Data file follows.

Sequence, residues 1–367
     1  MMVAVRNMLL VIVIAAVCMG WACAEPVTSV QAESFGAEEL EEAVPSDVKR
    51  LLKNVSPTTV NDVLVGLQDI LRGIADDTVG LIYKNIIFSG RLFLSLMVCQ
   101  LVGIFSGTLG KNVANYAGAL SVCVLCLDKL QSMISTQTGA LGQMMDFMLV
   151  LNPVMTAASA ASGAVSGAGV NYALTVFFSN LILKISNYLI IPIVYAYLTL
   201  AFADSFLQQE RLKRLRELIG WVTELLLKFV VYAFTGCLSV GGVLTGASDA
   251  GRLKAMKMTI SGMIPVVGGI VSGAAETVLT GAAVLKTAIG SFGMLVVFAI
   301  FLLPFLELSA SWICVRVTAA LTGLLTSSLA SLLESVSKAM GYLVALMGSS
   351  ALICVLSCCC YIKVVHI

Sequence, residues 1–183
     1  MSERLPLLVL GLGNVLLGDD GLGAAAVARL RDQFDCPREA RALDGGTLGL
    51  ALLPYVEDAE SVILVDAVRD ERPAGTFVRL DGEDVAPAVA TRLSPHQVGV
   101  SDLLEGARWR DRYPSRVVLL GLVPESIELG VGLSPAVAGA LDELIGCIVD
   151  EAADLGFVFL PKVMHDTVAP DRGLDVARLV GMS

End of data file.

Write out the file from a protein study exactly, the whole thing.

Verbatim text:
Sequence, residues 1–367
     1  MMVAVRNMLL VIVIAAVCMG WACAEPVTSV QAESFGAEEL EEAVPSDVKR
    51  LLKNVSPTTV NDVLVGLQDI LRGIADDTVG LIYKNIIFSG RLFLSLMVCQ
   101  LVGIFSGTLG KNVANYAGAL SVCVLCLDKL QSMISTQTGA LGQMMDFMLV
   151  LNPVMTAASA ASGAVSGAGV NYALTVFFSN LILKISNYLI IPIVYAYLTL
   201  AFADSFLQQE RLKRLRELIG WVTELLLKFV VYAFTGCLSV GGVLTGASDA
   251  GRLKAMKMTI SGMIPVVGGI VSGAAETVLT GAAVLKTAIG SFGMLVVFAI
   301  FLLPFLELSA SWICVRVTAA LTGLLTSSLA SLLESVSKAM GYLVALMGSS
   351  ALICVLSCCC YIKVVHI

Sequence, residues 1–183
     1  MSERLPLLVL GLGNVLLGDD GLGAAAVARL RDQFDCPREA RALDGGTLGL
    51  ALLPYVEDAE SVILVDAVRD ERPAGTFVRL DGEDVAPAVA TRLSPHQVGV
   101  SDLLEGARWR DRYPSRVVLL GLVPESIELG VGLSPAVAGA LDELIGCIVD
   151  EAADLGFVFL PKVMHDTVAP DRGLDVARLV GMS